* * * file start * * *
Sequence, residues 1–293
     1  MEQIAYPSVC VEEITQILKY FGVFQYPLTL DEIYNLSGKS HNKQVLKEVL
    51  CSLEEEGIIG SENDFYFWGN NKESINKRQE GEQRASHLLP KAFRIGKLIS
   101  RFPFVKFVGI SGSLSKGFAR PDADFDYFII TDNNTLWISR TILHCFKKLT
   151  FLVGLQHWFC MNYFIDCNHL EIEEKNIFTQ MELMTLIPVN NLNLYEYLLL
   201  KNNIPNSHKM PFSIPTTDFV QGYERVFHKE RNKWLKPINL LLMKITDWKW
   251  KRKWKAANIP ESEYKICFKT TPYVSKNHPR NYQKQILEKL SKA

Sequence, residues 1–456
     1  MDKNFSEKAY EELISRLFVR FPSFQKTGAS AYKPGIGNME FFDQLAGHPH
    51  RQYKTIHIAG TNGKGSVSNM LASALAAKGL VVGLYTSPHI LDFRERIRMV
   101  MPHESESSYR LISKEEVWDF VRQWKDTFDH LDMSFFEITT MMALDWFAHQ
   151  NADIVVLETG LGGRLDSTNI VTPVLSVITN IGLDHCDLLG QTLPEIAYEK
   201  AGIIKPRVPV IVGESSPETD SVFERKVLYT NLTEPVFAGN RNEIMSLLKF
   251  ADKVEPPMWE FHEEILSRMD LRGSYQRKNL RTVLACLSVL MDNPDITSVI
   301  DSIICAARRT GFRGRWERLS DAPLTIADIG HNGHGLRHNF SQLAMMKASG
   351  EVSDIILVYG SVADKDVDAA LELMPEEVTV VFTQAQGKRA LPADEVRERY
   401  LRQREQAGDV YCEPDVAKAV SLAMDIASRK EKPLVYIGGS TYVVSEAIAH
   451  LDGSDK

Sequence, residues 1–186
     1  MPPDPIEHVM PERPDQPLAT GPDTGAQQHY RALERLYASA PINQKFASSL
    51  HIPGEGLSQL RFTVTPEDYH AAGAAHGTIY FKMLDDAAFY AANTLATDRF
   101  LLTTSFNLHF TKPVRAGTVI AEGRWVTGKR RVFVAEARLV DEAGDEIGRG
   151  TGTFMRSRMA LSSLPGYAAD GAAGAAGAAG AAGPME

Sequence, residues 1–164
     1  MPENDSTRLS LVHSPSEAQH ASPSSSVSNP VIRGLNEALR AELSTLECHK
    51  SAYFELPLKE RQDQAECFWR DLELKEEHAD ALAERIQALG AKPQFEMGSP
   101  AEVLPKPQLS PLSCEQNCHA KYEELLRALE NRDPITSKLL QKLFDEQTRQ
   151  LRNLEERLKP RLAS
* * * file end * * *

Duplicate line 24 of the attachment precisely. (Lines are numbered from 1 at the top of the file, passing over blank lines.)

Sequence, residues 1–164